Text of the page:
International community and organizations react to Turkey’s withdrawal from Istanbul Convention

World leaders, international and regional organizations and right groups have reacted negatively to Turkey’s decision to withdraw from the Istanbul Convention, the Council of Europe’s (CoE) binding treaty to prevent and combat violence against women.

Turkish President Recep Tayyip Erdoğan issued an executive decree early on Saturday annulling Turkey’s ratification of the convention, the latest victory for conservatives in Erdoğan’s ruling Justice and Development Party (AKP) and their allies, who argued the CoE accord damaged family unity. Turkey said domestic laws would protect women’s rights.

US President Joe Biden said Turkey’s withdrawal from the accord was “deeply disappointing” and a step backward in efforts to end violence against women globally.

“Around the world, we are seeing increases in the number of domestic violence incidents, including reports of rising femicide in Turkey,” Biden said in a statement on Sunday. “Countries should be working to strengthen and renew their commitments to ending violence against women, not rejecting international treaties designed to protect women and hold abusers accountable.”

“Globally, we must combat gender-based violence and affirm protections for women, including through tools like the Istanbul Convention,” US Secretary of State Antony Blinken tweeted.

European leaders have also condemned Ankara’s decision. Paris said Turkey’s withdrawal marked a new regression in respect for human rights, while Berlin said neither culture nor religion or tradition could “serve as an excuse for ignoring violence against women.”

High Representative of the EU for Foreign Affairs and Security Policy Josep Borrell said late on Saturday that the decision was incomprehensible and “risks compromising the protection and fundamental rights of women and girls in Turkey [and] sends a dangerous message across the world,” urging the Turkish government to “reverse its decision.”

European Commission President Ursula von der Leyen, who spoke with Erdoğan a day before Turkey ditched the pact, tweeted on Sunday, “Women deserve a strong legal framework to protect them,” and she called on all signatories to ratify it.

CoE Secretary-General Marija Pejcinovic Buric called President Erdoğan’s decision devastating. “This move is a huge setback to these efforts and all the more deplorable because it compromises the protection of women in Turkey, across Europe and beyond,” Buric said.

German Foreign Minister and Chair of the CoE Ministers Committee Heiko Maas and President of the CoE Parliamentary Assembly Rik Daems called on the Turkish authorities “not to weaken the international system to protect women against violence put in place by the Istanbul Convention.”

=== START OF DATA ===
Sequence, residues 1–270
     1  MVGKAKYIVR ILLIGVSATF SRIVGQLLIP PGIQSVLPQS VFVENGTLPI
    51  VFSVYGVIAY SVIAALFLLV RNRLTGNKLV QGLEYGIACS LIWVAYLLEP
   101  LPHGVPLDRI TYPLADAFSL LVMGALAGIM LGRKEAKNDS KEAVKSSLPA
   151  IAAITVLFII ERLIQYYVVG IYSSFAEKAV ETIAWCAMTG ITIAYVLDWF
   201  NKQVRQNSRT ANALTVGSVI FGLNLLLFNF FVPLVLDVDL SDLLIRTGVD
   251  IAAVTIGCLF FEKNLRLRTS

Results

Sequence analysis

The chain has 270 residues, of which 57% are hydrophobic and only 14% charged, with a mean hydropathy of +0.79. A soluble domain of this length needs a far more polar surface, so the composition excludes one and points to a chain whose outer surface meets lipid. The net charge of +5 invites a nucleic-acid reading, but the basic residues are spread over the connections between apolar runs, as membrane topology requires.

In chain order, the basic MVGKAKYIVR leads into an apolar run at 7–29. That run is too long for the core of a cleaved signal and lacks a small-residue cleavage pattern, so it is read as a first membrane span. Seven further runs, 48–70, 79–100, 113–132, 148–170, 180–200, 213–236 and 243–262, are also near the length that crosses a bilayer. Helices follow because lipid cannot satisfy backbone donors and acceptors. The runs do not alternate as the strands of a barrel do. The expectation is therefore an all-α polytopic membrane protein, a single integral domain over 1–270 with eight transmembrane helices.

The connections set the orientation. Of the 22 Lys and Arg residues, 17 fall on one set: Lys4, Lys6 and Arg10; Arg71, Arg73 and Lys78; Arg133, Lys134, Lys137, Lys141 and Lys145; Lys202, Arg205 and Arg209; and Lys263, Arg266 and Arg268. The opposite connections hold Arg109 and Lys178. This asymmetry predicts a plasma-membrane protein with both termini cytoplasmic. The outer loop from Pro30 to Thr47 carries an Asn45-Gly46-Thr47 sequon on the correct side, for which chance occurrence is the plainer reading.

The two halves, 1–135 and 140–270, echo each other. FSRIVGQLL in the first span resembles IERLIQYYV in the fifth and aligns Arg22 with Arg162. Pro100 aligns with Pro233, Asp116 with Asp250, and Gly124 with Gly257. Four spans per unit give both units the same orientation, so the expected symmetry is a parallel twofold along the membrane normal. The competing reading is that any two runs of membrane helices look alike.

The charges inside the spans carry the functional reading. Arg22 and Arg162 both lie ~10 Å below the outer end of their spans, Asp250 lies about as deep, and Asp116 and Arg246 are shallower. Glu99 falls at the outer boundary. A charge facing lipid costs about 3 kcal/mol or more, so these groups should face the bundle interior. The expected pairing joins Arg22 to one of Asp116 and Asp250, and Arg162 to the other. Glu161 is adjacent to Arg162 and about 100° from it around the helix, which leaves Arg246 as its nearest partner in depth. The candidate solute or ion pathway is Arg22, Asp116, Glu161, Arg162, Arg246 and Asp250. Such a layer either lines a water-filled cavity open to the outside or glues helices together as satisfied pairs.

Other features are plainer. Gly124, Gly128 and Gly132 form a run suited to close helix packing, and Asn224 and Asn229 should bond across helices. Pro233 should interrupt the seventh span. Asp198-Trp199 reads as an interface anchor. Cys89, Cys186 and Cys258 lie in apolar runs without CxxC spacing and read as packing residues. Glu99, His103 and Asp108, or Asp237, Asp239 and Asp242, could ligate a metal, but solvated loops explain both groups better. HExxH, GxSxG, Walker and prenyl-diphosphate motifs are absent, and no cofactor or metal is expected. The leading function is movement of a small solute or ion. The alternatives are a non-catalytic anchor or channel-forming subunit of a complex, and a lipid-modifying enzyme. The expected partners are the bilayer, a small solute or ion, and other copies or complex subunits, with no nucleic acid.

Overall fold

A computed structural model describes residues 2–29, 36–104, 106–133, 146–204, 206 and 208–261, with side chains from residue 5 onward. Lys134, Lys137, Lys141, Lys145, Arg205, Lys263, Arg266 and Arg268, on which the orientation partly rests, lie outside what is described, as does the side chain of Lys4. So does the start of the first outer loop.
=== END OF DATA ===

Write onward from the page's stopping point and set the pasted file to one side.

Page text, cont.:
“Leaving the Convention would deprive Turkey and Turkish women of a vital tool to counter violence,” they stated.

On Saturday United Nations agencies called on Turkey to reconsider its decision.

“We are concerned that Turkey’s withdrawal from the Istanbul Convention would undermine the significant efforts invested so far to prevent and combat violence against women and may hinder progress towards further strengthening of national legislative, policy and institutional frameworks,” they said.

“In its most extreme form, and often as the final act on a continuum of violence, hundreds of women are murdered every year,” the agencies said.

The Convention on Preventing and Combating Violence Against Women and Domestic Violence, widely known as İstanbul Convention, was signed by 45 countries and the European Union in 2011 and requires governments to adopt legislation prosecuting domestic violence and similar abuse as well as marital rape and female genital mutilation.

Turkey was the first member state to ratify the CoE Convention, which was opened for signature in Istanbul during the Turkey’s chairmanship of the organization 10 years ago.

Thousands of women protested on Saturday against the government’s move in Istanbul and other cities.

According to a report published earlier by Sezgin Tanrıkulu,  a human rights defender and deputy from the Republican People’s Party (CHP), nearly 7,000 women have been victims of femicide during the 18 years that the AKP has been in power.

The report said one of the main reasons for the increase in deaths was because women were not taken seriously by law enforcement when they complained about violence. “Women go to the police and file a complaint against their partners after a violent incident,” said the report. “However, instead of taking the necessary legal steps against the perpetrators, the authorities act as conciliators and try to reconcile the partners.”

 

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